Skip to main content

Posts

Showing posts from July, 2013

Domestic vices

I have just discovered that one of my tutors contributes marvellous posts on tea to a culture blog. As befitting Sally, a curator of a moveable salon of former pupils, artists, and literary junkies, these posts are evocative of a social past. And they further evoke generously articulate comments about readers’ own tea experiences.

Directly after reading her posts, I went down to make myself a thimbleful of coffee, which I tell myself I need to do in order to avoid a headache the next morning. (For the record, A. believes I make this up.) As I washed the caffetiere and brought out from the cupboard my little ceramic eggshell blue pot with COFFEE on the outside and Taylor’s CafĂ© Brazilia inside, I began to think about the culture of coffee and the society of its drinkers.

Coffee is dark, ambitious, the drink of workers, of pioneers; and it’s the drink of poseurs, of salons, of fashionable 18th century Londoners gathering to exchange rumours, scandal, and political opinions. Here is Addiso…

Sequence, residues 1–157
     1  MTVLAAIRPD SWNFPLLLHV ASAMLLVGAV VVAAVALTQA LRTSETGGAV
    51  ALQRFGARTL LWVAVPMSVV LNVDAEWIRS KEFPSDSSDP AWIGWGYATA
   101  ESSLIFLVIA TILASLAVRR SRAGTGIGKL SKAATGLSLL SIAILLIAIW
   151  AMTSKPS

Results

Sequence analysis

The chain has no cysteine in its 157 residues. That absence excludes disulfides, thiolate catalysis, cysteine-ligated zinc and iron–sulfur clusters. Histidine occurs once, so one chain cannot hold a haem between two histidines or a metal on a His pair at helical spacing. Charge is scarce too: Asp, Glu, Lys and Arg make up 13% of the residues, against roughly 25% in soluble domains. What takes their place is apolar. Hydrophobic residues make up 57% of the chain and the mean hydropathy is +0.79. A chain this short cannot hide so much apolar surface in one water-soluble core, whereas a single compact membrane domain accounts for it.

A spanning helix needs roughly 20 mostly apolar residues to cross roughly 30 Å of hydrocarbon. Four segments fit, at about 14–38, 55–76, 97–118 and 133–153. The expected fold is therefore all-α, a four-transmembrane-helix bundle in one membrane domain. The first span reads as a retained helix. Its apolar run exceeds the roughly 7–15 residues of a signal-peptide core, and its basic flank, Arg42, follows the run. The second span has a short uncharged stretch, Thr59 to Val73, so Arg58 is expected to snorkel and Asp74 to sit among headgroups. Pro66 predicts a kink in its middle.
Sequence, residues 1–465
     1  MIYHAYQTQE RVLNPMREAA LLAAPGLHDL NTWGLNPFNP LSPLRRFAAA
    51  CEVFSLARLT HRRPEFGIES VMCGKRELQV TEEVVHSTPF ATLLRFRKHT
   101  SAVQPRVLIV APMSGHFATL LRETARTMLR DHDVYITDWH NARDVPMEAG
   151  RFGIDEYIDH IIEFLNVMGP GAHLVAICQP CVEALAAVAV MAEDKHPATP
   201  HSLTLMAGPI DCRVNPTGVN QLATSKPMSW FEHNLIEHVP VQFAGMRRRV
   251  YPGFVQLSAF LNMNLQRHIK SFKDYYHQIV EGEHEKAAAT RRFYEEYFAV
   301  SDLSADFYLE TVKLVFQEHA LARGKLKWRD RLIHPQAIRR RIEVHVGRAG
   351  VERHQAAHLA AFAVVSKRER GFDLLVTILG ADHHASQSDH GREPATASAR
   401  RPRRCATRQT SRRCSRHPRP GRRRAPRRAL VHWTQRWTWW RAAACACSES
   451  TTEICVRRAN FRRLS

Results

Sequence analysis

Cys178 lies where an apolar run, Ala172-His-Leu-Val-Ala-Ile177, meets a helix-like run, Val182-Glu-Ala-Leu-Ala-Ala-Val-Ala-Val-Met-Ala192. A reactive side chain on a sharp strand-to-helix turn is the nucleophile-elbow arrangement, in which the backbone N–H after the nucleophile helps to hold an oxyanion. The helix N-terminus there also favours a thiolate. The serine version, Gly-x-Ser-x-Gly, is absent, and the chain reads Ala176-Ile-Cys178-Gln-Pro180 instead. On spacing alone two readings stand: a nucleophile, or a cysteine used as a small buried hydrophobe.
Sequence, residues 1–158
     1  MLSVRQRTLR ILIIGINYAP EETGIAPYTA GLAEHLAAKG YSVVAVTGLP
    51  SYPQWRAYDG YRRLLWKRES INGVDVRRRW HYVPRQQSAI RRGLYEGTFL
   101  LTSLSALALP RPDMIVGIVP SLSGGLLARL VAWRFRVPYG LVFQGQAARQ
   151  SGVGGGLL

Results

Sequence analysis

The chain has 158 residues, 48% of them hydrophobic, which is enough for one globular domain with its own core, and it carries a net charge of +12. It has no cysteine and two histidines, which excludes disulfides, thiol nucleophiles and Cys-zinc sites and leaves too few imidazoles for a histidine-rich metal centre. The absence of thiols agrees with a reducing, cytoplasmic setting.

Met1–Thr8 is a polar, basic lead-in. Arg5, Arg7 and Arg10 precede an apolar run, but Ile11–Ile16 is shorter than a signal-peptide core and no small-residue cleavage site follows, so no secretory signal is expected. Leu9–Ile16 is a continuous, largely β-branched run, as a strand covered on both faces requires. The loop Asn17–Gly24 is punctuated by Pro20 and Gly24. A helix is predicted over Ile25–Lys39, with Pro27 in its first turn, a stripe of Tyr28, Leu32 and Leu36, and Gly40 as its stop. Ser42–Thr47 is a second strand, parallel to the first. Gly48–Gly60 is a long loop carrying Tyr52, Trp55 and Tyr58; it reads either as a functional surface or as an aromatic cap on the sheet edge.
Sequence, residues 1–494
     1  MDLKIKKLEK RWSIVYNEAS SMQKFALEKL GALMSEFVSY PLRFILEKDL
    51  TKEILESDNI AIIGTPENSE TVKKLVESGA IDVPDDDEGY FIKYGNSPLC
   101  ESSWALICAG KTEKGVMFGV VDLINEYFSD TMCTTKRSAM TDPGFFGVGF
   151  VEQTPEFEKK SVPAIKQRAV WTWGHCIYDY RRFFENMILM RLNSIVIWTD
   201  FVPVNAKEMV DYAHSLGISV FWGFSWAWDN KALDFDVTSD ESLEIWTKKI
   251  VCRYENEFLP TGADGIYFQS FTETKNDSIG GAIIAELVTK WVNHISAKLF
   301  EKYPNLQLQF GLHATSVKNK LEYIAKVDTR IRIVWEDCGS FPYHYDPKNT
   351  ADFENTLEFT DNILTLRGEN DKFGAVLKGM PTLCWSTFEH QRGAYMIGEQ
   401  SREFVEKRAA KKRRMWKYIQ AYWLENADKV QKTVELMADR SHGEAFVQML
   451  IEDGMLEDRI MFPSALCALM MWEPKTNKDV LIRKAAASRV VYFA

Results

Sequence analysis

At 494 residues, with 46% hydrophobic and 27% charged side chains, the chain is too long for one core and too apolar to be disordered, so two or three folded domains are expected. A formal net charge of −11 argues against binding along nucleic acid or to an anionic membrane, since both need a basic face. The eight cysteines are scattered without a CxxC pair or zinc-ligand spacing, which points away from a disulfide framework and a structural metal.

The Pleasures of Father Brown

When the BBC showed their new series of GK Chesterton's Father Brown mysteries in January, featuring the lovably familiar mug of Mark Williams, better known in the comforting role of dear Mr Weasley, I felt that at last I would acquaint myself with Chesterton. I have come across him before in passing – either in his relation to CS Lewis, a figure who hovered over my growing up like an ancestor, or as a patron saint of the literary journal where I worked for six months – but was never familiar with his work.

But this BBC incarnation - which, to my surprise, has received a commission for a second series – is no way to get to know the clerical sleuth or his author. Even before I read a single Father Brown story, it was clear that the adaptation was dull, blunted, amplified, and misshapen. With additions and new characters to stretch out Chesterton’s jewels into forty-five minute segments, the series drafted a Keep Calm and Carry On tea-and-bunting brigade, resetting the stories in th…